Being evenhanded

Andrew Wake Newsletter, Parenting

The younger a child is, the more they tend to focus on only one part of a problem, and the more certain they are that they are right.  One of our roles as a parent is to gently but firmly help our kids be evenhanded and discover there are two sides to most things. 

When they come home angry or upset, telling you about a friend who did the wrong thing by them, and that they hate them and will never be their friend again, we hear the story “on the one hand”, but we also wonder “on the other hand” what else was going on that led to the problem, and if it is as bad as they think.  We want our children to develop the ability of being “even handed”, seeing and considering both sides before taking action.  Not just blaming the other person for what went wrong, but also considering what their own role was in the event. However, many parents I have worked with have found that their attempts to help their child see both sides of a situation can lead to angry or upset statements like, “Why do you never take my side!?”

Being evenhanded is what healthy adults do.  They wonder.  They are curious.  When confronted with a problem, they may feel a strong emotion and think about it “on the one hand”, but then they actively look “on the other hand” so that they approach the issue evenhandedly.  Even mature adults when under stress can lose this ability to wonder.  Who hasn’t had a problem with a loved one and been preoccupied “on the one hand” with their own perspective, and only later when calm been able to be evenhanded again and able to say “on the other hand”…

Our children are not adults and are frequently not evenhanded in how they approach tricky situations.  The younger and more emotional they are, the less able to wonder, and the more they focus on only the negative aspect causing them distress.  We don’t expect our children to have better emotional control than ourselves, but we do want to help them develop the ability to see both sides of a problem.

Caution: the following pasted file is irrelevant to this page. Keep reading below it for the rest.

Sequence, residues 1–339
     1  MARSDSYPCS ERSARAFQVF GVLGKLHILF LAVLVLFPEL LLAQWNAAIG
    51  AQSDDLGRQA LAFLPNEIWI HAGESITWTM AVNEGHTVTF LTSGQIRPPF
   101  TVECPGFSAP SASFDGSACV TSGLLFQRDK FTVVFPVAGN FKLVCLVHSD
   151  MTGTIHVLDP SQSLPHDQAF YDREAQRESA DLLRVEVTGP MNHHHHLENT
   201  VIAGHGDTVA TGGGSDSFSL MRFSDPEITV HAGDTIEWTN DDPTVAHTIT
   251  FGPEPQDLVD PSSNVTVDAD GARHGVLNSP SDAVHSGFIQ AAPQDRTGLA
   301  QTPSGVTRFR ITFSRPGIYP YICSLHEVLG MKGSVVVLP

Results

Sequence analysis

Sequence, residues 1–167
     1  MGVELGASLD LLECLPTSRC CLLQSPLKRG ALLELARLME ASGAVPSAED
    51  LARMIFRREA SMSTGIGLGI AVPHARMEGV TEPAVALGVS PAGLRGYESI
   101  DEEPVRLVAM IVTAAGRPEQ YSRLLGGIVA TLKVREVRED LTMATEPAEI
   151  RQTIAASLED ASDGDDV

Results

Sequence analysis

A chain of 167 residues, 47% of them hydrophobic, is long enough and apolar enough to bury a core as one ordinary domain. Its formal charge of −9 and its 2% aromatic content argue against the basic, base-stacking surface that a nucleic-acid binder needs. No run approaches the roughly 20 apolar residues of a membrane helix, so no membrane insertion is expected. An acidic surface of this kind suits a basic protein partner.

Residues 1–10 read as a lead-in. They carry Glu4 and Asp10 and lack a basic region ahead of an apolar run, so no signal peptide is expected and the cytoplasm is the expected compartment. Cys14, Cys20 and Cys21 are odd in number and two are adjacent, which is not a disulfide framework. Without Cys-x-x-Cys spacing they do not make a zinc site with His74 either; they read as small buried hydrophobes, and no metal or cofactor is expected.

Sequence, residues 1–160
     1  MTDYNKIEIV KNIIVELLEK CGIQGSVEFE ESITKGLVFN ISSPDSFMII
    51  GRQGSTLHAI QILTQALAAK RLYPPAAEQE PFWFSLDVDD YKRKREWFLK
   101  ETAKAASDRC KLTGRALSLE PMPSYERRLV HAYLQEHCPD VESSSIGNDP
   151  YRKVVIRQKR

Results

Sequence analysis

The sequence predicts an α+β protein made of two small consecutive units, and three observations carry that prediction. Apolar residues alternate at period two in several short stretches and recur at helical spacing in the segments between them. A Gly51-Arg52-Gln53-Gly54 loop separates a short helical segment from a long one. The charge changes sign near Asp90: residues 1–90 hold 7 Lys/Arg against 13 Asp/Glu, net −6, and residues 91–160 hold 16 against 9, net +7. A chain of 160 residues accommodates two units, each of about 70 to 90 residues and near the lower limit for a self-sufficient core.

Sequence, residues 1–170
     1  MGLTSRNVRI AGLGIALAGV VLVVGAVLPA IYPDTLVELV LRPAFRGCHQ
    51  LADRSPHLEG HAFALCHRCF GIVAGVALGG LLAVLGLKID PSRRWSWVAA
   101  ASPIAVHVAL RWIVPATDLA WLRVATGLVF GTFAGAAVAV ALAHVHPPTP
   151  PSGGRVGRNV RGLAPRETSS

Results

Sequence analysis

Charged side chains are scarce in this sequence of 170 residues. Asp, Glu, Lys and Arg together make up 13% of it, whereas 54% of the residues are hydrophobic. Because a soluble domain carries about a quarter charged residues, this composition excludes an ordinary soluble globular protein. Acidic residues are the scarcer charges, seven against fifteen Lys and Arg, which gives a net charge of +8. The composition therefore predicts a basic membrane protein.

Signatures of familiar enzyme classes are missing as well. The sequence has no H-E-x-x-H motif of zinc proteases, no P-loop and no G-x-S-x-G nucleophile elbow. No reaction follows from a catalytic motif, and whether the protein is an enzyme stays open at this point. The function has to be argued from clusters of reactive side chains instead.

So how do we do this so that our attempts to help are not perceived as being critical or judgmental? 

Firstly we need to stay calm enough, as without this we too will see only “the one hand”.  We can’t help our kids if we are too emotional.  We can’t expect them to do what we cannot.  

Secondly, even if we are calm and curious we need to abandon the wish to correct our kids while emotions are high.  It may solve the immediate problem, but it just does not help their own development of curiosity and evenhandedness.  They will often say silly, ridiculous or even outrageous things that are obviously and even laughably false or unhelpful.  But if we try to point out the errors in their thinking before they are ready to be curious, they will experience our attempts to helpfully correct them as domination or criticism.  There is a time for correction, but it is for a later time when everyone is calm enough, and connected enough… “I don’t care what you think until I think that you care”.  

Thirdly, though correcting comes naturally, when you provide them with the answer or showing them the details of “on the other hand”, it misses the opportunity for them to discover the other side for themself.  This is where the Socratic approach comes in: “Wonder is the beginning of wisdom”.  You don’t tell and instruct; instead you ask and be curious.

Once you have validated their experience (“I see you, I hear you”) and they are calm and connected enough, you can then start to be curious about what happened and why.  For this to not be seen as correction (sometimes questions we ask can actually be correcting statements in disguise), it helps to take the one-down position and actually be wondering about why it happened.  It is not the questions you ask but the underlying curious approach that helps your child be curious too.  

Now of course sometimes you do have to take over and correct your child, and this is important if the problem is serious.  But before you save them by thinking for them, give a go of supporting them through wondering.  “Watch, Wait and Wonder” is a mantra some parents have found helpful.  When you think about the “WAIT” part, ask yourself: Why, Am, I, Talking.